However, it is possible to make these tools on your own and adjust their volume to selected, most commonly used loads. One of the best materials that can be used for this purpose are cases with a soldered handle. A good friend of mine used to make them and I have to say – they were really brilliant! The easiest way to get the right measure is to seal the bottom and shorten the case until you get the right volume. From our experience the WSSM (Winchester Super Short Magnum) caliber cases were the best for this - they have a large bottle section with a small neck diameter – ease to fine-tune the final volume.


Other devices that also allow for volumetric measurement are dispensers. They have a large container (which allows you to prepare at least several dozen cartridges) and a small rotary tube that is filled with powder grains for each load. The capacity of this tube can be adjusted with a screw and it’s pretty easy to set a desired amount of powder for each load. A lever located on the side turns the tube with the opening upwards, which allows it to be filled with powder grains falling from the tank above. When rotated in the opposite direction, the powder falls into the scale pan or directly into the inside of the case.

Depending on the powder’s grain size, this can produce very reproducible results - the finer it is the better in my experience. Slow burning powder with large grain is more difficult to distribute evenly and greater weight discrepancies may result.

Is volumetric weighing good enough?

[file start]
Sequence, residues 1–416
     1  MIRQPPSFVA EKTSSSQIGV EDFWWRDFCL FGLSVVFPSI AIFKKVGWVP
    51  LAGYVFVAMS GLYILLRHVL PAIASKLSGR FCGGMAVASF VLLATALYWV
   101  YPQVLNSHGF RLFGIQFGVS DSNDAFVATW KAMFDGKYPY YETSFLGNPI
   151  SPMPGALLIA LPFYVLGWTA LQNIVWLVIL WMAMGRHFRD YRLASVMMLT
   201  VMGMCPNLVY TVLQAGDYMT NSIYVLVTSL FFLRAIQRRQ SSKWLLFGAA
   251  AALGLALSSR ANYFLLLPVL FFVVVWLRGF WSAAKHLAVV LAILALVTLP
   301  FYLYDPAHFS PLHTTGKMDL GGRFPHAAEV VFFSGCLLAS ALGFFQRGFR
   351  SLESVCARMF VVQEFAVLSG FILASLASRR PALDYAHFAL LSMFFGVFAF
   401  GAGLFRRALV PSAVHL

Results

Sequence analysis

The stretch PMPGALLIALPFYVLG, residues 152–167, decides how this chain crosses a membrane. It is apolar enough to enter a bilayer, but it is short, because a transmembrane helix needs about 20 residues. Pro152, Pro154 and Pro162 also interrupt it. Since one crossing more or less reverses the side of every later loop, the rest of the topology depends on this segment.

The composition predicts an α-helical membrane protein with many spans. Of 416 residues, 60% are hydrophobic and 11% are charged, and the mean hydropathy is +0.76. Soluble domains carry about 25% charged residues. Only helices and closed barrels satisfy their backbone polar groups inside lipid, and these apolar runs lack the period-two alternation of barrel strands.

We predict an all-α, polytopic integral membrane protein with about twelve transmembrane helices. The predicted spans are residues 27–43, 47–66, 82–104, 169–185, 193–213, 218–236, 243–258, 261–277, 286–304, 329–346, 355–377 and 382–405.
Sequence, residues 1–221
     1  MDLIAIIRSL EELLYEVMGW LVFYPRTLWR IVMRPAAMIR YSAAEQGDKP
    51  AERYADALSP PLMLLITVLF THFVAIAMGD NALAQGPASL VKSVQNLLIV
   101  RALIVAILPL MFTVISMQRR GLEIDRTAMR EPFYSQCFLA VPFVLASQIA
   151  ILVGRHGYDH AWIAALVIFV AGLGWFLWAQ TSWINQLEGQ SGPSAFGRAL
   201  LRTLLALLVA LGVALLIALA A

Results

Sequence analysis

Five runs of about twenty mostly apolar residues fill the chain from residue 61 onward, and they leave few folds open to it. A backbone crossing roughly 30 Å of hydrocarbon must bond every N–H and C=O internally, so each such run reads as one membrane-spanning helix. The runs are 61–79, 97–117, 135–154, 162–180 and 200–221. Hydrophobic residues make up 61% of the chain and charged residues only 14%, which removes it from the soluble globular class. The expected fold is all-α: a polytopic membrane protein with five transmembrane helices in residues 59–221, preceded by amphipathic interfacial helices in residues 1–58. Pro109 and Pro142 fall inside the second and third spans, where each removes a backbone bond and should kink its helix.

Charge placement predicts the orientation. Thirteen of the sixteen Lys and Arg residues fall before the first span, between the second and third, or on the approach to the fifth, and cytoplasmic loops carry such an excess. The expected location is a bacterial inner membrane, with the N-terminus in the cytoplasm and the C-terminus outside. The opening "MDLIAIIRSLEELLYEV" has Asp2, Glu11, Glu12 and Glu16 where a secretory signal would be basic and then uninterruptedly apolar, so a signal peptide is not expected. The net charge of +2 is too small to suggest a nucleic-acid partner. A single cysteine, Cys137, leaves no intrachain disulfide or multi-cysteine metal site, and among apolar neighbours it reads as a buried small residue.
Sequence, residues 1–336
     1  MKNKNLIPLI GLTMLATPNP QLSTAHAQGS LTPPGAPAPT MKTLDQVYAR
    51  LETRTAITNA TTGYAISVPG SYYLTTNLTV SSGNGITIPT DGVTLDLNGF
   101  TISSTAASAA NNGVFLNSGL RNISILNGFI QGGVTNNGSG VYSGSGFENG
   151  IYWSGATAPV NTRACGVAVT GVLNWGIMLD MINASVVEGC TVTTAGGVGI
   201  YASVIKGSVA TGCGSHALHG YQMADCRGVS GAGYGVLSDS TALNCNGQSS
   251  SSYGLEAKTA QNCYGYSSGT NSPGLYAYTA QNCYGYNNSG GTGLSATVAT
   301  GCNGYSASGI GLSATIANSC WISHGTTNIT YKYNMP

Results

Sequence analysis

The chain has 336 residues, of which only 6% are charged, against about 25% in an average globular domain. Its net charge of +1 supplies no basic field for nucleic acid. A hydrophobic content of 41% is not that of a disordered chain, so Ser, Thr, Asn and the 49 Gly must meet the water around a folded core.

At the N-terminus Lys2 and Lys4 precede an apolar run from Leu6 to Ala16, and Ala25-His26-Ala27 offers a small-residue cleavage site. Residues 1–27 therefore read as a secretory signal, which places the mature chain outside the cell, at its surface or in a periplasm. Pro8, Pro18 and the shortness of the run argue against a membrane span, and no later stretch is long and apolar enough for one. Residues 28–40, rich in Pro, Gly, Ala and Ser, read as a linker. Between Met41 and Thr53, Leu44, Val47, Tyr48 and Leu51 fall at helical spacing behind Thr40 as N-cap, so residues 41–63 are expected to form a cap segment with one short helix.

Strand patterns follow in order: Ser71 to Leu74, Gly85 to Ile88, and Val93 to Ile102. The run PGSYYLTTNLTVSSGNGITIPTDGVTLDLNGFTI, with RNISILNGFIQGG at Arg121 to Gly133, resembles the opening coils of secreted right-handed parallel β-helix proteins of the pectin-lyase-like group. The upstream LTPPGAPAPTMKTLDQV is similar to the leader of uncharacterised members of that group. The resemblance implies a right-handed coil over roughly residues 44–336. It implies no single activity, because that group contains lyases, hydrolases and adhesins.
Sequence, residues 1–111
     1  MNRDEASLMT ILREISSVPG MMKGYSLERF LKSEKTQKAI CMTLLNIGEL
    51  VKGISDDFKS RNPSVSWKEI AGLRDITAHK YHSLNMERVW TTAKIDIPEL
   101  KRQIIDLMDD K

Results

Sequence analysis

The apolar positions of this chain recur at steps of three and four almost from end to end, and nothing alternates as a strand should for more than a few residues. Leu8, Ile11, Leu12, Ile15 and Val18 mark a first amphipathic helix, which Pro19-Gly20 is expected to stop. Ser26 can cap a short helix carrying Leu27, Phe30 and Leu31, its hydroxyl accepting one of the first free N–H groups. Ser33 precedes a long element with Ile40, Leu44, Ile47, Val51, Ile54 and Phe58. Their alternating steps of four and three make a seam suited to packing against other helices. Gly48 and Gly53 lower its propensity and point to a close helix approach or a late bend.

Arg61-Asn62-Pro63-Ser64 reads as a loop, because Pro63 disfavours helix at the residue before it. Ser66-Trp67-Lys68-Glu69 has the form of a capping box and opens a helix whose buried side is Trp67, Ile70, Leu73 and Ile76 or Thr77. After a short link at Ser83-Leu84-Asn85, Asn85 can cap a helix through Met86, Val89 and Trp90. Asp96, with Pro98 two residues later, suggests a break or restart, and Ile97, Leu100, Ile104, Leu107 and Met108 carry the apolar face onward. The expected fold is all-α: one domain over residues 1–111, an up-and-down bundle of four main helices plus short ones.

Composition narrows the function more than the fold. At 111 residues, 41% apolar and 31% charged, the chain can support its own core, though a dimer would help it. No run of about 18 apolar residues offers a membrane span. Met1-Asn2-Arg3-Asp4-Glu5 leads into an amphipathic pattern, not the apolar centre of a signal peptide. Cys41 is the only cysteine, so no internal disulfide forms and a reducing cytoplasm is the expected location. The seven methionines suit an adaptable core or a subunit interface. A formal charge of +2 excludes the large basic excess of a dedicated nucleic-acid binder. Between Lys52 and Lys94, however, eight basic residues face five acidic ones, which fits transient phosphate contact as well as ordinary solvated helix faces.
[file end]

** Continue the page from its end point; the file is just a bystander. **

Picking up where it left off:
Volumetric measuring allows for reproducible weighing with an accuracy of about 0.5 gr. This may be completely sufficient for hunting big game in typical conditions and in short-range shooting. However, it may turn out that the resulting grouping will not be acceptable, or the differences in muzzle velocity of the projectile will be too high for precision or long distance shooters. These are situations that require a much more accurate approach: a precision scale and a trickler.

This is probably also a good time to mention that sometimes it’s almost like it did not matter what you put in the case and still get great results (within the range allowed by the manual of course). And sometimes despite the best care, the results are disappointing no matter what you do – and some major changes are required (different bullet, powder etc). More about creating your own compositions and their verification at the shooting range in the next episodes.

Using a scale with a trickler

Good quality scales (both mechanical and digital) have an accuracy of 0.1gr - which is sufficient for our purposes. The pre-measured weight by volumetric method is placed on the pan and individual grains are dispensed from the trickler. That’s a small powder container with a threaded tube that, when twisted, slowly feeds grain by grain. It is a slow and very thorough process - if even one grain falls too much, it can be removed with tweezers.

The default approach for many is to set the dispenser so it provides load which are all too light and then carefully add what is necessary from the trickler not to be forced to remove anything from the pan.

Where you should place your scale when reloading

Many believe, not without reason, that traditional scales are the most accurate. However, the importance of their proper placement in the workshop is often forgotten.

It is worth paying attention to this for three reasons: